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EDITORIAL

Anambra pre-election row: Clarion call on INEC

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THEREAFTER, some other states, building from the 2007 Supreme Court verdict on Anambra State’s governorship now have ‘off-season governorship election; a development which hitherto, was strange in Nigeria.

  MOST conspicuous institutions to blame for the confusing joggle are the Independent National Electoral Commission (INEC), the judiciary and the political parties.  But INEC owns more of the knocks.

  A LOT of cases that the ordinary man would deem frivolous and easy to address are currently charging up the land and citizens look up to INEC to point out the right way or at least, guide the courts but the umpire appears to take partisan course.

  In failing to do its duty as the umpire on electoral matters early and promptly, the arbiter, INEC tends to leave the people of Anambra at the mercy of power-hungry politicians and money-motivated advocates and juries. Another election season is here in Anambra and INEC as well as some judges are again found wanting in discharging their responsibilities to the people.

  IN THE aftermath of party primary congresses held within the last one month by the 18 political parties listed by INEC as contending entities in the November 6 election, there has been a flood of cases on the validity of the parties’ candidates and hitherto aspirants. Notable in most of the cases is that they dwell on issues that a progressive and pro-active electoral umpire that is truly independent should have nipped in the bud. Given the intensity with which the cases are rocking the state, INEC is failing Anambra masses.

  THE umpire’s action has decimated activities or lulled campaigns in all the three leading political parties in the state, namely, All Progressives Grand Alliance (APGA), Peoples Democratic Party (PDP) and All Peoples Congress (APC): while there are cases picking holes in the primaries held in June… by APC, the cases in PDP after the primaries was about the party’s state leadership whereas in APGA, the matter is about the party’s national leadership. In all these, INEC is in custody of the right information which Nigeria’s law gives it exclusive rights to.

  WHY the agency opts to fail in providing the fact or act with same leaves the land in costly confusion awes and annoys many Nigerians. Explanation that the agency is bidding time to study judicial developments fails on the face of the visible rush in the list of candidates for the Anambra polls which INEC published in July 16. In the list, the agency published the name of factional candidate of APGA, Chukwuma Umeoji, which was brought to its attention less than 48hours earlier, whereas the name of Prof Soludo, which APGA submitted to INEC two weeks earlier was missed. Similarly, no name was stated for PDP.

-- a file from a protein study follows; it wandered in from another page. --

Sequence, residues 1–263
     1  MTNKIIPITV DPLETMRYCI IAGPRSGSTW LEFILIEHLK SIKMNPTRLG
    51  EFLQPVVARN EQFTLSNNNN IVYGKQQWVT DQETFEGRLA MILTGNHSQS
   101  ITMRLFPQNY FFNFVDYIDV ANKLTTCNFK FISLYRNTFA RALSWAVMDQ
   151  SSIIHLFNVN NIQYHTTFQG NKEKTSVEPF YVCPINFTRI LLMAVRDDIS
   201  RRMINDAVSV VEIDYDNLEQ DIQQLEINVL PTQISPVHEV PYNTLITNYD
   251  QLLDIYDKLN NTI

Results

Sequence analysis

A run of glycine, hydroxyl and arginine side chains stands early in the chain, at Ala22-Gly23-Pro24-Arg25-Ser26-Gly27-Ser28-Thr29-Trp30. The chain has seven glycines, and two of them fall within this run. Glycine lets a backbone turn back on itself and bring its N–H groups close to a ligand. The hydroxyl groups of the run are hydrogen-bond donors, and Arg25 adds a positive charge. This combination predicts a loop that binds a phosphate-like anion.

INEC’s action leaves Anambra people in the woods over where to go and how to go about the November 6 election. With the three leading political parties in the state quaked, it would appear that there is a not-very-hidden plot to throw up an unpopular candidate from the blues to win the election. This surely would not augur well for the populace.

  NATIONAL Light passionately appeals  to INEC, to save the people of the state the trauma by boldly and intrepidly standing by the constitutional provision and the Electoral Act and be independent as explicitly stated in its nomenclature.

  Should the election be held under the current situation, INEC could be held complicit in foisting on Anambra State an unpopular candidate which will be unfortunate and denial of democratic dividends to Anambra people.

  Anambra people would tolerate only governorship aspirants that emerged from popular mandate, whose rise to limelight clearly passed through the crucible of acceptable principles of constitutional democracy and rule of law.

  GIVEN the challenges Anambra has encountered in the current democratic era, INEC should rather help solve their problems instead of compounding it. A governor smuggled through the back door is not what the state wants. It could set the state in frenzy and flux.

  INEC should please remove the hand of the monkey in the soup now before it turns into another thing. This is the minimum expectation of ndi Anambra.

  INEC’s Social Contract with the populace of the state, of who over a ninth are not politicians, is to give them peace and acceptable elections which will ensure good governance and social development.

  ANAMBRA has passed through election trauma since 2003 going by brazen electoral manipulations by the powers from above and the dare-devilry of self-centred god-fathers. Since 2006, the devious acts of god fathers and manipulative, merchandising politicians have been curtailed in the state, leaving the land to grow and breathe fresh air.

  A RETURN of the godfathers whose acts in their hay days, drew the state far backward would be gross dis-service to the people. INEC should not allow itself to be part of the plots for nasty days to return to Anambra.

  FINALLY, it is the minimum expectation of close observers of the Anambra election that INEC spells out her template for the November 6, 2021 governorship election, and like Ceaser’s wife, strive to be beyond reproach.

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